Convertible Coupe
Chassis Num: 1734638
Sold for $29,700 at 2007 RM Sothebys.
The production of the Chrysler Plymouth's began in 1928 which was the same point in history that Ford introduced their Model A. Even with stiff competition, the Plymouth marque was able to establish Chrysler as one of the top three automakers in the United States by the late 1920s. Their cars were sturdy and dependable and soon to become a style leader. Based in Detroit, Plymouth introduced their first model assigned a model year classification by the Chrysler Corporation in 1932, and it was the 1932 Plymouth PB. This was the same year Plymouth introduced one-piece front fenders, free-standing chrome headlamps, and a better version of their four-cylinder engine.

The Plymouth PB's of 1932 were offered as a four-door sedan, business coupe, two-door sedan, rumble seat coupe, sports roadster, business roadster, phaeton, convertible coupe, convertible sedan, seven passenger sedan, and as a plain chassis. A total of 159 examples of the rolling chassis were created. Only 259 examples of the Phaeton were created; 690 Convertible Sedans, 4853 of the Convertible Coupe, and 3,225 of the Business Roadster. The most popular bodystyle was the Four Door Sedan which saw 38,066 units created. 11,126 examples of the Business Coupe were created and 13,031 of the Two Door Sedan. Total production for the year was 121,468 units which meant they displaced Buick to become the third among US automobile producers for 1932.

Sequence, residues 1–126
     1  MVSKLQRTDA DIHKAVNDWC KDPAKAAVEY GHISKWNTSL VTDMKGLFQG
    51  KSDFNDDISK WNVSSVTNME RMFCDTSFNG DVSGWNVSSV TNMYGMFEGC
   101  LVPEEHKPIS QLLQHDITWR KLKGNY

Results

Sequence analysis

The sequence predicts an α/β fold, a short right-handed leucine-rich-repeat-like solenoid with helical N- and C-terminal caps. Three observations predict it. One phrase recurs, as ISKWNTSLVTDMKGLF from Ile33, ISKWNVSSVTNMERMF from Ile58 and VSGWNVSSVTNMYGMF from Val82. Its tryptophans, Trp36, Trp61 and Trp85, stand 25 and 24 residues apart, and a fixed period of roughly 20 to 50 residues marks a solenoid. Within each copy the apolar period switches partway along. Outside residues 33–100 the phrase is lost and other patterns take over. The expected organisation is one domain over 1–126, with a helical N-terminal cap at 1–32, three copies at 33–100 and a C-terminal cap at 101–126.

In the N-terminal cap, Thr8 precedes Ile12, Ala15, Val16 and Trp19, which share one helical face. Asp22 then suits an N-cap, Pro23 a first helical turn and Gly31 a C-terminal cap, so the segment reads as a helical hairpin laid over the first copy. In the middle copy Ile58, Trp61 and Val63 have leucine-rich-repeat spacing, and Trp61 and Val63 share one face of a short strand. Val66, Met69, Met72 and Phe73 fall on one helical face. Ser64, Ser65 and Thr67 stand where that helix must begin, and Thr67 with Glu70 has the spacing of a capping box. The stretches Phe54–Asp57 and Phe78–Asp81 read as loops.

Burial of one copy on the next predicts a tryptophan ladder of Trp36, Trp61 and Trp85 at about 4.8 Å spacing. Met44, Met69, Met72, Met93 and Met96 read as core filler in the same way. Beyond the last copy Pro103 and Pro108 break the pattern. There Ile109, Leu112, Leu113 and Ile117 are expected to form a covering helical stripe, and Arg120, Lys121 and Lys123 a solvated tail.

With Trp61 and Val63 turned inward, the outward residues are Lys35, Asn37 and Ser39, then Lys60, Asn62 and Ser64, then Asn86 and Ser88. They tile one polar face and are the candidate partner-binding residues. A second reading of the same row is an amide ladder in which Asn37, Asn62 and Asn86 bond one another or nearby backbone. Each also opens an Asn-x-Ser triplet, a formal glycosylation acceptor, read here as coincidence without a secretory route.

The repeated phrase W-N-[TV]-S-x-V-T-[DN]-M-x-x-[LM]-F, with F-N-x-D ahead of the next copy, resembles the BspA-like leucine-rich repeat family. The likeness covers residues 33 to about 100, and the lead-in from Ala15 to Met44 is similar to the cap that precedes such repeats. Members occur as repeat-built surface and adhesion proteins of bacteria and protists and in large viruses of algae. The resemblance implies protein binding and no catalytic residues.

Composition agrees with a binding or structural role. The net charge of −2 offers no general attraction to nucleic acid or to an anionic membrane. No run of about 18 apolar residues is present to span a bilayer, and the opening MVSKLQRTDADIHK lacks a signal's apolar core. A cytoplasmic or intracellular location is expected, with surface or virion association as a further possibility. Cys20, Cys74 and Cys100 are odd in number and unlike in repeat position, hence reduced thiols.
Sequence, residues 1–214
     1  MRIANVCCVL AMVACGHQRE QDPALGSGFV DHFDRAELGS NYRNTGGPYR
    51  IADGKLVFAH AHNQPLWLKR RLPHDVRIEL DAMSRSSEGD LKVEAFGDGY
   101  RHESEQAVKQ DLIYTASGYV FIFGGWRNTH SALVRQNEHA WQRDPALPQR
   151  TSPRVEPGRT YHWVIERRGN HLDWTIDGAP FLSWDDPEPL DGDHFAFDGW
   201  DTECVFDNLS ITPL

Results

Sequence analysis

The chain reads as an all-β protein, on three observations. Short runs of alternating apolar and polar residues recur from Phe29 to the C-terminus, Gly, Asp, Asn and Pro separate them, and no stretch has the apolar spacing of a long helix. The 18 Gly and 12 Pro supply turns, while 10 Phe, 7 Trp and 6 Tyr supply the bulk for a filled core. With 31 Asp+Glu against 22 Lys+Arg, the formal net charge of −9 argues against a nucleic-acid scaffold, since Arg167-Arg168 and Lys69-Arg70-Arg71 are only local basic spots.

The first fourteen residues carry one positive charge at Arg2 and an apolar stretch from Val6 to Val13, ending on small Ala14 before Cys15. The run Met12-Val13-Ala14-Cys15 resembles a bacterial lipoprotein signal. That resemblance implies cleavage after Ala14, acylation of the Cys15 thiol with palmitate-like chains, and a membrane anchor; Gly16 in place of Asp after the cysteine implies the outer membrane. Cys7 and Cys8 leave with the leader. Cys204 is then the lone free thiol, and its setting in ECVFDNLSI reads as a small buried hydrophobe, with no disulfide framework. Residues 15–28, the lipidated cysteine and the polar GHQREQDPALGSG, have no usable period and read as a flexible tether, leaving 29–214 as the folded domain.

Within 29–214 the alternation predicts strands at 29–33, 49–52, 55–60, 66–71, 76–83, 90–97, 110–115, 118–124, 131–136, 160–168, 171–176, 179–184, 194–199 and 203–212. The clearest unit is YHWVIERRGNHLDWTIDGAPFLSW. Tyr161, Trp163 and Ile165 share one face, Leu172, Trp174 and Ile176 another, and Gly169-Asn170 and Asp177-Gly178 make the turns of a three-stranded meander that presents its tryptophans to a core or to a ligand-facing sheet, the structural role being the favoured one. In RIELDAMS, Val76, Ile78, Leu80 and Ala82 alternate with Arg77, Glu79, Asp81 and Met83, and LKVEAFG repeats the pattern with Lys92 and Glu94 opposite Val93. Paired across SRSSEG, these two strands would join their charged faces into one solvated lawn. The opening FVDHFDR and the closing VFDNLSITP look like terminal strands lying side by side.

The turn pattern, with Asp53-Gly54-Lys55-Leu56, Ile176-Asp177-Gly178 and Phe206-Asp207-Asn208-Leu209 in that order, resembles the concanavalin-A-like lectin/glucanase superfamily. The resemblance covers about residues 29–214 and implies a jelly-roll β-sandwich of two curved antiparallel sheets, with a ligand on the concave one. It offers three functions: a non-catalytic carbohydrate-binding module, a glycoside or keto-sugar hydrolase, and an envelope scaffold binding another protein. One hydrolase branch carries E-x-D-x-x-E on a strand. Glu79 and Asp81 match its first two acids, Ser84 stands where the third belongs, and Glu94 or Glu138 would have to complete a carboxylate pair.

This 1932 Plymouth PB Convertible was offered for sale at the Vintage Motor Cars sale at Hershey, PA presented by RM Auctions. It was estimated to sell for $30,000 - $40,000 and offered without reserve. It sold for just under the estimated value at $29,700 including buyer's premium.

It is powered by a four-cylinder engine that displaces 196 cubic-inches and produces 65 horsepower. There is a three-speed manual transmission and four-wheel hydraulic drum brakes. The 112-inch wheelbase is held in place by semi-elliptic leaf springs and a floating rear axle.

It is in good condition and is the recipient of an older restoration. All of its chrome and bright-work as still in good condition; the four-cylinder engine is well detailed and correctly painted. It is painted cream with dark green beltline and matching fenders. It has a tan convertible top, tan vinyl coverings, painted black wire wheels with whitewall tires, and rear mounted spare and rumble seat.

It is a car that is in good condition and one of the few PB Convertible's from 1932 still in existence. The big news for 1932 from Plymouth were its upgraded frame to the rigid 'X' construction. Oil filters became standard equipment and the brake drums were now fitted with centrifuse. This assembly consisted of steel drums with a fused cast iron friction surface.

Even though the Great Depression was in full swing, the PB models weathered this difficult point in history with great success. The Plymouth marque came into existence on June 11th of 1928 and would remain in business until June 28th of 2001. Ironically, the first and last cars produced would be fitted with four-cylinder engines and both were intended for the lower-priced segment of the automotive market.
By Daniel Vaughan | Dec 2007
Rumble Seat Coupe
By 1932, Plymouth, which had been introduced only a few years earlier (in 1928), was solidly established as one of the 'Low-Priced Three,' referring to Ford, Chevrolet and Plymouth.

The Model PB was built for less than a year and was Plymouth's last four-cylinder model. Accordingly, it has attained collector car status among many Plymouth enthusiasts.

This Plymouth, which features a rumble seat, is loaded with accessories from the era, including chromed grille, flying lady radiator cap, twin horns, twin fog lights, bumper guards, twin side view mirrors, running board step plates, radio, heater, cigarette humidor lighter and windshield defroster. Base price of the car, minus accessories, was $535.